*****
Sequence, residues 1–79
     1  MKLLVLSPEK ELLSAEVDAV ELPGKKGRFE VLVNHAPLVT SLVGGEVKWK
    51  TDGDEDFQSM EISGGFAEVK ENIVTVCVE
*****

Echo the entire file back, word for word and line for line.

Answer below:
Sequence, residues 1–79
     1  MKLLVLSPEK ELLSAEVDAV ELPGKKGRFE VLVNHAPLVT SLVGGEVKWK
    51  TDGDEDFQSM EISGGFAEVK ENIVTVCVE